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Association of initial e-cigarette and other tobacco product use with subsequent cigarette smoking in adolescents: a cross-sectional, matched control study
  1. Lion Shahab1,2,
  2. Emma Beard1,2,
  3. Jamie Brown1,2
  1. 1Department of Behavioural Science and Health, University College London, London, UK
  2. 2SPECTRUM Consortium, UK – Shaping Public Health Policies To Reduce Inequalities and Harm, United Kingdom
  1. Correspondence to Dr Lion Shahab, Department of Behavioural Science and Health, University College London, London WC1E 6BT, UK; lion.shahab{at}ucl.ac.uk

Abstract

Introduction This study assessed whether initiating e-cigarette use increases the uptake of cigarette smoking in US adolescents compared with behavioural and synthetic controls.

Methods Data come from 78 265 adolescents in the National Youth Tobacco Survey (2014–2017) of whom 38 630 provided information about the first tobacco product they had used in 2014/15. Ever, past 30 day and established (30 day use and 100+ lifetime cigarettes) cigarette smoking was compared in adolescents who first used an e-cigarette (exposure group), a non-cigarette combustible (CT) or other non-combustible tobacco (NT) product (behavioural controls), and propensity score matched adolescents without initial e-cigarette use (synthetic controls).

Results Relative to behavioural controls, adolescents who tried e-cigarettes first were less likely to have ever smoked cigarettes (26% vs CT (42.4%; OR 0.48, 95% CI 0.40 to 0.57), or NT initiators (52.7%; OR 0.32, 95% CI 0.26 to 0.39)), to be past 30 day (6% vs CT (11.9%; OR 0.48, 95% CI 0.36 to 0.62), or NT initiators (20.0%; OR 0.26, 95% CI 0.19 to 0.35)) or be established cigarette smokers (0.7% vs CT (3.9%; OR 0.17, 95% CI 0.10 to 0.30), or NT initiators (8.4%; OR 0.08, 95% CI 0.04 to 0.13)). E-cigarette initiators were also less likely than synthetic controls (without initial e-cigarette use) to have ever smoked cigarettes (OR 0.76, 95% CI 0.62 to 0.93), be past 30 day (OR 0.71, 95% CI 0.55 to 0.91) or be established cigarette smokers (OR 0.26, 95% CI 0.13 to 0.51).

Conclusion Less than 1% of US adolescents who use e-cigarettes first were established cigarette smokers. They were less likely to be smokers than adolescents who tried other combustible or non-combustible tobacco products first and propensity score matched adolescents without initial e-cigarette use.

  • electronic nicotine delivery devices
  • harm reduction
  • priority/special populations
  • non-cigarette tobacco products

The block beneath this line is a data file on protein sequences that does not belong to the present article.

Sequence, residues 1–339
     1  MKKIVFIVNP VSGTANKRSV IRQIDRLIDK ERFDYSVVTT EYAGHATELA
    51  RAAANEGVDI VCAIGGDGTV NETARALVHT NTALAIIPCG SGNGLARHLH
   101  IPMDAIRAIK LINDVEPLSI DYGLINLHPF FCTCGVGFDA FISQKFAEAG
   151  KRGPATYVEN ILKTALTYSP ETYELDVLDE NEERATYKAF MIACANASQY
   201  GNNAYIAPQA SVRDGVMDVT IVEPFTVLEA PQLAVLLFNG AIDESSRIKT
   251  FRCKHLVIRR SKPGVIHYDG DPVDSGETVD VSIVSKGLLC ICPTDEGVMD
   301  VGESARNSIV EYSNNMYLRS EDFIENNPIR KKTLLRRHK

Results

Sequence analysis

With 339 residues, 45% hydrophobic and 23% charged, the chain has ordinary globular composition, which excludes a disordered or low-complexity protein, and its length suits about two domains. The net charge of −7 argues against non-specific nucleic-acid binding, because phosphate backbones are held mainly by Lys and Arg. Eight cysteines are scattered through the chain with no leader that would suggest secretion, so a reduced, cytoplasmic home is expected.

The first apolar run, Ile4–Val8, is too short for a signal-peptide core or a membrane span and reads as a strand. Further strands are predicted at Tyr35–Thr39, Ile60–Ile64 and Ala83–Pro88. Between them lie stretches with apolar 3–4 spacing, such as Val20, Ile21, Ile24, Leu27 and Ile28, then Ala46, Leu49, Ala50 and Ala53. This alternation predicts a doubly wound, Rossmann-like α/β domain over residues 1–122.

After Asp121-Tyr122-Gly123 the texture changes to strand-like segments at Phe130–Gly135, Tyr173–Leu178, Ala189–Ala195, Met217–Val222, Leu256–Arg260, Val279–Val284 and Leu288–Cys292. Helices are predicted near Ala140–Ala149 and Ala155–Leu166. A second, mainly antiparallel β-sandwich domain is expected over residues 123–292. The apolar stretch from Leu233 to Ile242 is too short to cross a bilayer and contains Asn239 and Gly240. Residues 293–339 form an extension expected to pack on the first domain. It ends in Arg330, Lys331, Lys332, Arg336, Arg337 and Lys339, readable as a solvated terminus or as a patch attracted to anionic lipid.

This is an open access article distributed in accordance with the Creative Commons Attribution 4.0 Unported (CC BY 4.0) license, which permits others to copy, redistribute, remix, transform and build upon this work for any purpose, provided the original work is properly cited, a link to the licence is given, and indication of whether changes were made. See: https://creativecommons.org/licenses/by/4.0/.

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Footnotes

  • Contributors LS conceived the original idea for this study. LS and JB obtained funding. LS wrote the initial draft with further input from EB and JB. LS is guarantor for this article. All authors read, reviewed and approved the final version. All researchers listed as authors are independent from the funders and all final decisions about the research were taken without constraint by the investigators. LS had final responsibility for the decision to submit for publication.

  • Funding This project is funded by Cancer Research UK (C1417/A22962). All authors are members of the UK Centre for Tobacco and Alcohol Studies (UKCTAS), funded under the auspices of the UK Clinical Research Collaboration (MR/K023195/1).

  • Competing interests LS has received a research grant and honoraria for a talk and travel expenses from manufacturers of smoking cessation medications (Pfizer and Johnson & Johnson). JB has received unrestricted research funding from Pfizer to study smoking cessation.

  • Patient consent for publication Not required.

  • Provenance and peer review Not commissioned; externally peer reviewed.

  • Data availability statement Data are available in a public, open access repository. The data are freely available from https://www.cdc.gov/tobacco/data_statistics/surveys/nyts/index.htm.

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